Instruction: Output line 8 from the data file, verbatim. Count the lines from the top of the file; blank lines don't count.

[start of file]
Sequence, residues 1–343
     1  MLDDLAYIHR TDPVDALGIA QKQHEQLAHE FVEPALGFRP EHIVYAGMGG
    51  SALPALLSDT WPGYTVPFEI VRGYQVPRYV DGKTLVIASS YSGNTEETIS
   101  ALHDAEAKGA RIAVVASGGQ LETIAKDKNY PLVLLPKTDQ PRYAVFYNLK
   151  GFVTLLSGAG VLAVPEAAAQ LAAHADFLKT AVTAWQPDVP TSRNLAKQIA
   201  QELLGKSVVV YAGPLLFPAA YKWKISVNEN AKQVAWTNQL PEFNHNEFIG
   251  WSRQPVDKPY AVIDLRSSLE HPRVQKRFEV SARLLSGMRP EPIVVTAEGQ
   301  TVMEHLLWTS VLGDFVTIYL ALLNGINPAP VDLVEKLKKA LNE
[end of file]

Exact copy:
   301  TVMEHLLWTS VLGDFVTIYL ALLNGINPAP VDLVEKLKKA LNE